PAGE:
So who is Theo of Smyrna? (or even Theon of Smyrna)

Following on from my previous post on Mithras in Zenobius, who is this Theo of Smyrna who also mentions a list of the eight elements, probably from Persian sources?  All I have is an edition, ‘Hiller’ and “p. 104, 20”.

There are times when Wikipedia is a useful summary of whatever there is online.  Theon of Smyrna has an article.  He’s a technical writer, a mathematical philosopher of the early 2nd century AD.  At least one of his works is extant, the expositio rerum mathematicarum ad legendum Platonem utilium or exposition of mathematical ideas useful for the reading of Plato.  A look at COPAC shows me that it was edited by Eduard Hiller in the Tuebner series in Leipzig in 1878.  A photographic reprint was made in 1995.  A French translation Exposition des connaissances mathematiques utiles pour la lecture de platon was made by J. Dupuis in 1892, reprinted 1966.  Thanks to Google books, both are online.

And finally a curious English translation does seem to exist:

Theon, of Smyrna: Mathematics useful for understanding Plato; translated from the 1892 Greek/French edition of J. Dupuis by Robert and Deborah Lawlor and edited and annotated by Christos Toulis and others; with an appendix of notes by Dupuis, a copious glossary, index of works, etc. Series: Secret doctrine reference series Published: San Diego : Wizards Bookshelf, 1979. ISBN: 0913510246. 174pp. Notes: Cover title: Twn kata to mathematikon chresimwn eis ten Platonos anagnwsin.

Hmm.  That sounds like an amateur translation of the French of Dupuis.

So… what does he say?  Well, I find from the PDF that the material is actually on p.105 of Hiller, lines 4-5 (p.120 of the Google books PDF).  The magic word “Orphicos” appears above it, and then three lines of quotation.  The name of Evandros appears beneath. 

In the notes at the foot  of the page is a cross-reference to Zenobius V, 78, which we examined earlier.  Then a list of related material: Porphyry De antro nympharum 24, calling Mithras “demiurgos” (creator);  and Proclus’ commentary on the Timaeus of Plato p. 93 E, where the Orphic creator-god Phanes is given the same title.  Then a couple of old scholarly works are listed, on Orphism.  All this, incidentally, in a section on numbers.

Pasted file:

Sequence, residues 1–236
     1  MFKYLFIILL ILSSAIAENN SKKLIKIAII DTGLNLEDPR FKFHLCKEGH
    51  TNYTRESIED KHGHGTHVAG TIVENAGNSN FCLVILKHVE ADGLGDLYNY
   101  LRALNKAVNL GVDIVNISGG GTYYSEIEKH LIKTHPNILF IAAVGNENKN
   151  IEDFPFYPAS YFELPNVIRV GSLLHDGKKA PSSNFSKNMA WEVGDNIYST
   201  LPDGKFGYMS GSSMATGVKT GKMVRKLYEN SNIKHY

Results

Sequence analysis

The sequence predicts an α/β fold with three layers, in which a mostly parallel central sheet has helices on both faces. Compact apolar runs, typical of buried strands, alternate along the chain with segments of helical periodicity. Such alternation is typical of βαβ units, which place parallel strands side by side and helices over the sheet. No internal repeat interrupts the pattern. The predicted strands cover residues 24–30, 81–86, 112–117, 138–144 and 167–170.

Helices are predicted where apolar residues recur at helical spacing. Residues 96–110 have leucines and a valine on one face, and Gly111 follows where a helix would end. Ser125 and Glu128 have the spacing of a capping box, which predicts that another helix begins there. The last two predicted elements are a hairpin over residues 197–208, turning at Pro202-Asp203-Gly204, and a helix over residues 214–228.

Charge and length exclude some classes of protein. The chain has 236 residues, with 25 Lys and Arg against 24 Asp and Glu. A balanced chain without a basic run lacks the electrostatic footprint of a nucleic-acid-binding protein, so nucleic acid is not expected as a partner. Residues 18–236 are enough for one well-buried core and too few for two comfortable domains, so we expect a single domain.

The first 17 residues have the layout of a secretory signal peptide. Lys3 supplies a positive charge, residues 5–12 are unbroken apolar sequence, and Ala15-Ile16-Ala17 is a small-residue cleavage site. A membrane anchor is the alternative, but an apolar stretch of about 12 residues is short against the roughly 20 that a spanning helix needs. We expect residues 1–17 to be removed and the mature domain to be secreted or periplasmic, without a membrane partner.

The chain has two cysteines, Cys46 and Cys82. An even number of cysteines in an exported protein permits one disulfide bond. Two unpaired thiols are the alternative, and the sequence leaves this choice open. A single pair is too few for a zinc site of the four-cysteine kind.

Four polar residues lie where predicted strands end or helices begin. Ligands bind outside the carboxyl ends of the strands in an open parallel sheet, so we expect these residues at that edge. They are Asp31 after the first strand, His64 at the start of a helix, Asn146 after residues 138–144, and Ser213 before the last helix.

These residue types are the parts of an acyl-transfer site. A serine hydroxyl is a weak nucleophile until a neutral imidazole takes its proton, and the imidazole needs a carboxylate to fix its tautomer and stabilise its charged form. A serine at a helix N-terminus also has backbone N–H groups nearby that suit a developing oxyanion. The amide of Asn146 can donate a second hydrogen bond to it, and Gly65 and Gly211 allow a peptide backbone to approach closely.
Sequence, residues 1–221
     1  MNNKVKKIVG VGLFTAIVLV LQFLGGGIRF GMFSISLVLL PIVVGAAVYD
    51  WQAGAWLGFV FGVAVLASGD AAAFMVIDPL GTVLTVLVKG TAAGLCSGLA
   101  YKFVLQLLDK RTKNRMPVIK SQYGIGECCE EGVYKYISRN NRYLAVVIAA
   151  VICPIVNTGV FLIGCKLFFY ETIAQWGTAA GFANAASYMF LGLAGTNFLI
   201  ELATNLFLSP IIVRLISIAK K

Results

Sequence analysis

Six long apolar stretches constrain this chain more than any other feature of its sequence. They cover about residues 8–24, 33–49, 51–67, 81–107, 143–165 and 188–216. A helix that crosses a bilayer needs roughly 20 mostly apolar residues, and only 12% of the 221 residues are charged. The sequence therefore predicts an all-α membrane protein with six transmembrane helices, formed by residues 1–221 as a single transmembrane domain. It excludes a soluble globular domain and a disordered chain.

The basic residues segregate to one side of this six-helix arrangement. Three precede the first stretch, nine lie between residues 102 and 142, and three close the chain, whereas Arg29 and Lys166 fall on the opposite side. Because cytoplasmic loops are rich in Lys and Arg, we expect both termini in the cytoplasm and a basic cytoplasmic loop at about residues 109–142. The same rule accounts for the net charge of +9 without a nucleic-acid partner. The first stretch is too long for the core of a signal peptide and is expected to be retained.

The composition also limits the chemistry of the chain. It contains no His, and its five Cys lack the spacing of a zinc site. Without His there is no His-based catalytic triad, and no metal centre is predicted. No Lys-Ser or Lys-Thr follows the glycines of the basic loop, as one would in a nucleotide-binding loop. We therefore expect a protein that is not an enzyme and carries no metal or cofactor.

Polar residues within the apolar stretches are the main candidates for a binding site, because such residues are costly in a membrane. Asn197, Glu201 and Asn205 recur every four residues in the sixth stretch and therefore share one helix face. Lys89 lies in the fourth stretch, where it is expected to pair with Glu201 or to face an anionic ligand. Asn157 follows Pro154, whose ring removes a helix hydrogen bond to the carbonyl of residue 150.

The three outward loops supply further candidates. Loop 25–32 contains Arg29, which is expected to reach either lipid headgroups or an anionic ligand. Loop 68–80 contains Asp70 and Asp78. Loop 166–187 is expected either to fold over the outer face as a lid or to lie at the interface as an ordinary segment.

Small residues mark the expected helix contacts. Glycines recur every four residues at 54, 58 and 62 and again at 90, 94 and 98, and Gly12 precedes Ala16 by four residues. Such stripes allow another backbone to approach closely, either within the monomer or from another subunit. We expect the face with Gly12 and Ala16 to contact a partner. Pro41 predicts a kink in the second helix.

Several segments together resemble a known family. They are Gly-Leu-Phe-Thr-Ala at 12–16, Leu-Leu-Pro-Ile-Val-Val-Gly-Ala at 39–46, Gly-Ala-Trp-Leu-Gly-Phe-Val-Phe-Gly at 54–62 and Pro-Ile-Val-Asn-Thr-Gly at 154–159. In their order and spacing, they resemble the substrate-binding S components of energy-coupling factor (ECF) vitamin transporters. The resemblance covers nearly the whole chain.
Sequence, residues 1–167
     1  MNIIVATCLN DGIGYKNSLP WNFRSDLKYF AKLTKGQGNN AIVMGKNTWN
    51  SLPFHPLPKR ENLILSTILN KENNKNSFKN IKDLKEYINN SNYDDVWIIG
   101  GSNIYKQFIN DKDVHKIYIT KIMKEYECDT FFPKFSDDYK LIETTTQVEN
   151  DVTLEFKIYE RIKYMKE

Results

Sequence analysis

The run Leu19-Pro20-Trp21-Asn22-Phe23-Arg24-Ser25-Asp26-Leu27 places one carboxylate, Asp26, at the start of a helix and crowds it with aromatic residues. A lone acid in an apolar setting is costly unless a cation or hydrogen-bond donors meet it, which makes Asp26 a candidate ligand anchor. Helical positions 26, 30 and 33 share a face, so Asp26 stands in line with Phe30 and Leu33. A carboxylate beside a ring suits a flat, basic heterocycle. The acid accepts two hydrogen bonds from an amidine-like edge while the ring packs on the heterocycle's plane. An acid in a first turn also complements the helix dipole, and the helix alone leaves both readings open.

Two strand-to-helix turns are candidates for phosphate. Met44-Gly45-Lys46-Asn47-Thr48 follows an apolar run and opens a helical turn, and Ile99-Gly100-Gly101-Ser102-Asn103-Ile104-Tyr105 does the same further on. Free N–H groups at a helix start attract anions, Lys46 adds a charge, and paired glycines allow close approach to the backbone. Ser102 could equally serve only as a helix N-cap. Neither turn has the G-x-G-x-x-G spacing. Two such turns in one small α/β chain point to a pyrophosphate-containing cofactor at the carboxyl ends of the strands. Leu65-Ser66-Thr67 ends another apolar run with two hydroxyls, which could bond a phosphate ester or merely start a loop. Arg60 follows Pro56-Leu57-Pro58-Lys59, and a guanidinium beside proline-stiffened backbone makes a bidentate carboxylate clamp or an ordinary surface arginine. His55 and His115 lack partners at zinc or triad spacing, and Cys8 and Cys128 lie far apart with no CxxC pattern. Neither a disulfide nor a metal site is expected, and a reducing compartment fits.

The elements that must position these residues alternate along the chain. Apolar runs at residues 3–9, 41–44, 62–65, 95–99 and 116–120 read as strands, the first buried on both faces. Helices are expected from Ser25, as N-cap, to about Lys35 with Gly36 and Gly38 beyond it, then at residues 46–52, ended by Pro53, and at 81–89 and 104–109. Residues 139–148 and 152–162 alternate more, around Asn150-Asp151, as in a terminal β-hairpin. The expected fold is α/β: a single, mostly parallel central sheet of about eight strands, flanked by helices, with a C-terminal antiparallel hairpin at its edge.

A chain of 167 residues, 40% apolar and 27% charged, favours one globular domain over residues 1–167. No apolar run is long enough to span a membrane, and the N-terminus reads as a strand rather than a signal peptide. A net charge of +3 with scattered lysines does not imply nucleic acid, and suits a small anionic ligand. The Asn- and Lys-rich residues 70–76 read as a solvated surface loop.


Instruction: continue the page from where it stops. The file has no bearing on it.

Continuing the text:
Let’s see if we can find out what the context is.

So now I go to Dupuis, who gives quite an introduction and even lists manuscripts.  The French National Library alone has a bunch of them, so this is plainly not a rare work, although I had never heard of it before.

A bit of guesswork and looking at an index for “Evandre” gives us page 173 (PDF page is 210), which is precisely the passage in question.  It is chapter 47 of the work.  Here it is, from Dupuis’ French.

47.  The number eight which is the first cube composed of unity and seven. Some say that there are eight gods who are masters of the universe, and this is also what we see in the sayings of Orpheus:

By the creators of things ever immortal,
Fire and water, earth and heaven, moon,
And sun, the great Phanes and the dark night.

And Evander reports that in Egypt may be found on a column an inscription of King Saturn and Queen Rhea: “The most ancient of all, King Osiris, to the immortal gods, to the spirit, to heaven and earth, to night and day, to the father of all that is and all that will be, and to Love, souvenir of the magificence of his life.”  Timotheus also reports the proverb, “Eight is all, because the spheres of the world which rotate around the earth are eight.” And, as Erastothenes says,

“These eight spheres harmonise together in making their revolutions around the earth.”

As a literary reference to syncretism between Mithras and Phanes, this lacks quite a bit.  But interesting, all the same, as examples of the sort of pseudo-knowledge being mixed up in antiquity.


Zenobius on Mithras

While working over the Wikipedia Mithras article, I found mention of syncretism with the Orphic deity Phanes.  It seems that we learn of this from inscriptions; but also that there is literary evidence of the syncretism of Mithras and Phanes, in the proverbs of Zenobius.  The reference is: ”Proverbia” 5.78 (in  Corpus paroemiographorum Graecorum vol. 1, p.151) This is Century V, 78 of Zenobius’ work.  The reference comes from Manfred Clauss’s splendid book on Mithras, p.70 n.84.  In the Google books PDF it is p.208.  But… I don’t see the name of Phanes here.   I see a list of deities; the name of Mithras is among them.  Can anyone with more Greek than me help?

I have posted about this obscure 2nd century proverb collector before.  His work doesn’t exist in English, and yet here again are interesting snippets on antiquity.

UPDATE: Fortunately I find more information in Albert de Jong, Traditions of the Magi: Zoroastrianism in Greek and Latin literature, p.309:

A final text that must be discussed is a list of elements attributed to an unknown Evandrus by the excerptor Didymus Zenobius 5.78.  “Evandrus said that the gods who rule over everything are eight: Fire, Water, Earth, Heaven, Moon, Sun, Mithra, Night.”  The appearance of Mithra in this list suggested to some an Iranian background to this passage.  An almost identical list can be found in Theon of Smyrna, but there instead of Mithra we find the name of Phanes.[226] In an interpretation of these passages, Reitzenstein invoked the importance of the Elements in Manichaean and Zoroastrian literature, and concluded that the lists of elements were typical for Iranian religions.